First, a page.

Fix It Or Forget It?July 11th, 2012
Interviewing seems to be straightforward, but you never know what might happen. The pressure can be great, and the other side is in control, as you try to put your best foot forward. See what Colin* and Delores* did.
Try as you might, it’s not possible to prepare for everything during an interview. Of course, there are certain aspects to be expected, such as a list of questions, to be asked and answered, researching the company, and so forth. Aside from those basics are the additional mechanics of making certain you know how to find the location of the interview and arriving with enough time to spare, in the event of bad traffic, bad weather, etc.
Colin* recounts taking this advice, as well as being grateful that he’d arrived 15 – 20 minutes early for his interview, as I’d counseled him to do. I explained that this is an optimal time to observe the company climate while sitting in the reception area.
In addition to possibly obtaining various company reading materials, I pointed out that once he sat – silently – in the waiting area, the receptionist would likely give Colin a demonstration of what the culture is really like, expressing her/his views more candidly to other staff members as they pass by, or over the phone.
Often, one can see if respect for others is the norm, or if there is more contempt for management being expressed by the rank-and-file staff when “nobody is listening.”
Colin had obtained an interview with a company that was quite important to him, and arrived early, as we’d discussed. There was various reading material provided, so after he checked in with the receptionist, he walked over to the bookshelf and picked up a few brochures to peruse and sat down again.
“As I sat down,” Colin recounted, “I almost died! When I put the brochures in my lap to read, I realized that my fly was open! I don’t think that the receptionist noticed, but if she did, she did not react. I guess that told me something about her professionalism. I found another reason to arrive early, though. I was able to Fix It! before going into the interview, thank God!”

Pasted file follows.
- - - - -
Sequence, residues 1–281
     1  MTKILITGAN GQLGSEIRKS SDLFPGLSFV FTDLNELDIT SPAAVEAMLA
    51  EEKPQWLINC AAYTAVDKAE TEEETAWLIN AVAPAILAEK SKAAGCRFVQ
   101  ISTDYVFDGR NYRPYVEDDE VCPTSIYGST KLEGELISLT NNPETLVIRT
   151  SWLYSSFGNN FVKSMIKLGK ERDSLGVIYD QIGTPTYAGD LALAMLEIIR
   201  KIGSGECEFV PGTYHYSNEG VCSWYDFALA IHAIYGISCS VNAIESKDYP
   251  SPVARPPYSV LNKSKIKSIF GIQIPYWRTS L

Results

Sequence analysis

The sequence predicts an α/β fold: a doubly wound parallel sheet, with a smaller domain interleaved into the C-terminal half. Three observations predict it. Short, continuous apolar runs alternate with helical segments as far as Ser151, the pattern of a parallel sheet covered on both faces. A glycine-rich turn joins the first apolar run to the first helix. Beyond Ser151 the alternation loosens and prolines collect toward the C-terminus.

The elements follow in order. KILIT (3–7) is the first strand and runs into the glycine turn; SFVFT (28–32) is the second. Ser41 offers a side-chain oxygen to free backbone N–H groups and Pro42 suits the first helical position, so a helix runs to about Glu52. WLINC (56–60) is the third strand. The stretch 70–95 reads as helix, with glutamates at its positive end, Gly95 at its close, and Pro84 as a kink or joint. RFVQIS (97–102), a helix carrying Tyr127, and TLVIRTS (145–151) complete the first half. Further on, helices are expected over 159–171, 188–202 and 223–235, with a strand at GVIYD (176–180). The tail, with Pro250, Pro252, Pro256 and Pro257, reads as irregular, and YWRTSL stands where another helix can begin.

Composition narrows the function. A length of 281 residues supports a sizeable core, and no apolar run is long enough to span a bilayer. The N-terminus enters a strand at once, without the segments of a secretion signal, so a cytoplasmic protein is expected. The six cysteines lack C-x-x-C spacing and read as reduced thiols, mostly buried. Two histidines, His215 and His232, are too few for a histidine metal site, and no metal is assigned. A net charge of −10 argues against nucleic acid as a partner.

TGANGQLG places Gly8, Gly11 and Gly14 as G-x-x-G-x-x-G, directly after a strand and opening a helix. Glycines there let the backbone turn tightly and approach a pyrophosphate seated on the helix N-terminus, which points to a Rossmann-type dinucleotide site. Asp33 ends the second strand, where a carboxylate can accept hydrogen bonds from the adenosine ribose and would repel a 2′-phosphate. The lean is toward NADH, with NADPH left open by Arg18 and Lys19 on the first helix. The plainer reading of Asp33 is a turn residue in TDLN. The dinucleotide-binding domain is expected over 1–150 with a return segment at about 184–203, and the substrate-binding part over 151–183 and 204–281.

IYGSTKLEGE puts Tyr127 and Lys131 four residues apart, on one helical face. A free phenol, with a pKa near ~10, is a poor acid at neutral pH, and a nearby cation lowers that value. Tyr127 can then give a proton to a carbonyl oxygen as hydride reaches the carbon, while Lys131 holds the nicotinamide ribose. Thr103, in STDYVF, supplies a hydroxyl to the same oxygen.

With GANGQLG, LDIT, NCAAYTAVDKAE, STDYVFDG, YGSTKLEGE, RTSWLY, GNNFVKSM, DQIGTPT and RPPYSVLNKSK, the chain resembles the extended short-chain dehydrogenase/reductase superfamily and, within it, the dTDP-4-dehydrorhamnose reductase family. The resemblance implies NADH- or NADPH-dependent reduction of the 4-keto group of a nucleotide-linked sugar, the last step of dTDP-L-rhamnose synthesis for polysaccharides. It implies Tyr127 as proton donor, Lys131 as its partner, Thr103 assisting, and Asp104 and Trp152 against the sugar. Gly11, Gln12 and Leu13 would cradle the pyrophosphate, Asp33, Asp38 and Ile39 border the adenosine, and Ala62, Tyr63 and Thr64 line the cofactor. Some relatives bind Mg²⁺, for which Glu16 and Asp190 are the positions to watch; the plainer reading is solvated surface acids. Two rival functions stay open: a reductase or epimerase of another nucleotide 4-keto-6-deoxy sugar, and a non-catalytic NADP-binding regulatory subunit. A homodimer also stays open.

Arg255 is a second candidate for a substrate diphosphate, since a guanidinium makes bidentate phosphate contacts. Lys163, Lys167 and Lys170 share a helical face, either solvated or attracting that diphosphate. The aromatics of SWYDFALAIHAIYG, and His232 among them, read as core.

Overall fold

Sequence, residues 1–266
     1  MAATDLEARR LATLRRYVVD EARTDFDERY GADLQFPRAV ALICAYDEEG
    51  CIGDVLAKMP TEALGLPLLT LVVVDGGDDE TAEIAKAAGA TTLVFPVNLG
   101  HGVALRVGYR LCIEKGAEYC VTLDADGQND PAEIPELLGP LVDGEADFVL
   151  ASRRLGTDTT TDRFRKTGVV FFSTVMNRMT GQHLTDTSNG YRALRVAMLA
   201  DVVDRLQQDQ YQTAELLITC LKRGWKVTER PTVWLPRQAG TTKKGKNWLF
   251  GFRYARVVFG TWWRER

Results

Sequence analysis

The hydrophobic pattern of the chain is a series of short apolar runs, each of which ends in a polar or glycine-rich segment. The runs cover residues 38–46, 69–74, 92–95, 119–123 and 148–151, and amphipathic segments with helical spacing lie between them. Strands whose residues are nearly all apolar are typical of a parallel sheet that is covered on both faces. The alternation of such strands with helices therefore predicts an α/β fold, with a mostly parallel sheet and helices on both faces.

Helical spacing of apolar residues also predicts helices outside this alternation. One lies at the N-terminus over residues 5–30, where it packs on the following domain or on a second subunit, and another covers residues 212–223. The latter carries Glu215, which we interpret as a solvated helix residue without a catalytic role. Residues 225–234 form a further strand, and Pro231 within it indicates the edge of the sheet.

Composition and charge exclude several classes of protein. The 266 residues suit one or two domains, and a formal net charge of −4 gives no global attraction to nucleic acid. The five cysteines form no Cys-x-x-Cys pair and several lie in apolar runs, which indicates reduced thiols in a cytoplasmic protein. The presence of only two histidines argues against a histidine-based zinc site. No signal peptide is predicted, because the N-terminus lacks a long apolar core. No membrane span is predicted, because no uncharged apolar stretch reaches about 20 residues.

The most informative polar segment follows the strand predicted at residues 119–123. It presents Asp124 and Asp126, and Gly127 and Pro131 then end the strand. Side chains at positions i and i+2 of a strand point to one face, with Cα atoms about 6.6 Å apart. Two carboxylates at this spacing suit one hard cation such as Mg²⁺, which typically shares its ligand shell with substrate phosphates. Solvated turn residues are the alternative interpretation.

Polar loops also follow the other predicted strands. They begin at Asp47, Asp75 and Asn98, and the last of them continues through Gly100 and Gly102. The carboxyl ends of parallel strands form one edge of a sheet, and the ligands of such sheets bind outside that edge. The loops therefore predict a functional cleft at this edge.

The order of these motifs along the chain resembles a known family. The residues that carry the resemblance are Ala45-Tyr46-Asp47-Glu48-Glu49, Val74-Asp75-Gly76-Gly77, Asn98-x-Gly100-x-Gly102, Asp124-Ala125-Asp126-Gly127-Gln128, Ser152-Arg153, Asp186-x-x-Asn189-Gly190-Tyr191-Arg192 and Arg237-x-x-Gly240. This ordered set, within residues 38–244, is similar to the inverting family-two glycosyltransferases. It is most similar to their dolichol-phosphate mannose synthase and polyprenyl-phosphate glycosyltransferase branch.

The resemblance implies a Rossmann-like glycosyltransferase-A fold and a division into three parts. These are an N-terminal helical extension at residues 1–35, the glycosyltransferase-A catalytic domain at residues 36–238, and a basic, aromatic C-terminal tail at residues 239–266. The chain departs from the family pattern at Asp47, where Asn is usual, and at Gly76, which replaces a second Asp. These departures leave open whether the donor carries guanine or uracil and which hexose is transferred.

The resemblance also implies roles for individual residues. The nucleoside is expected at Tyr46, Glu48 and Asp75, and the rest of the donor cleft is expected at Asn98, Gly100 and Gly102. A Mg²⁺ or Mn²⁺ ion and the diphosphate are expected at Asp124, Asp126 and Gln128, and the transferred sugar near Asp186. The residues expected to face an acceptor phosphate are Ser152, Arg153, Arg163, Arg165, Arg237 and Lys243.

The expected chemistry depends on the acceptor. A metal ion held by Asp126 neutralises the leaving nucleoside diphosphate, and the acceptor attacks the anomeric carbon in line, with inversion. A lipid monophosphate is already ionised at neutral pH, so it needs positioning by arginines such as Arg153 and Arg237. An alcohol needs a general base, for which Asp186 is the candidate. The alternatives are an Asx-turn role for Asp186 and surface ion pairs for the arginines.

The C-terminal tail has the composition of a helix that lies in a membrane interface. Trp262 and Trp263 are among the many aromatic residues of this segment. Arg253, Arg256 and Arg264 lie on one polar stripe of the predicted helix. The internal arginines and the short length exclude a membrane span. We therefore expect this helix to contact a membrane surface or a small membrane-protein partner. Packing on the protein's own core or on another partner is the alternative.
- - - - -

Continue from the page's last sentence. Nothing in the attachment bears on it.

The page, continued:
Delores* was having trouble finding a position that was the right fit for her, and was pleased to see a job listed that seemed to be a good match for her skills.
Although she wished they would tell her the pay up front, she knew better than to talk salary too early, and went in for the interview. She was later called in for a second interview, and things were looking quite promising.
Finally, she got a call where they were talking about the offer, salary and other details, when the terms of the offer came to light: this was a one-year grant-funded position, with the “possibility of renewal.”
Delores was upset that they waited until this point to reveal that minor detail, and frankly felt that it reflected poorly on them as an employer. She wasn’t interested in taking a job for just a year, only to have to be looking again for something in less than 12 months.
“If I wanted to do that,” Delores said, “I may as well go to work for a temp agency while I look for a permanent position. Frankly, I don’t see the difference. They should be up front about a grant funded position in the listing, in my opinion. Most are.”
Even though she was pleased to be made an offer, she decided to Forget It! with respect to this one and keep looking.
“I’d have to say that, although it was annoying to feel misled, it did help to have someone – anyone – actually want to hire me in this job market,” Delores said. “It can be so hard on the ego to look and look and not find anything for a long time.”
Good judgment comes from experience, and experience comes from bad judgment.
— Rita Mae Brown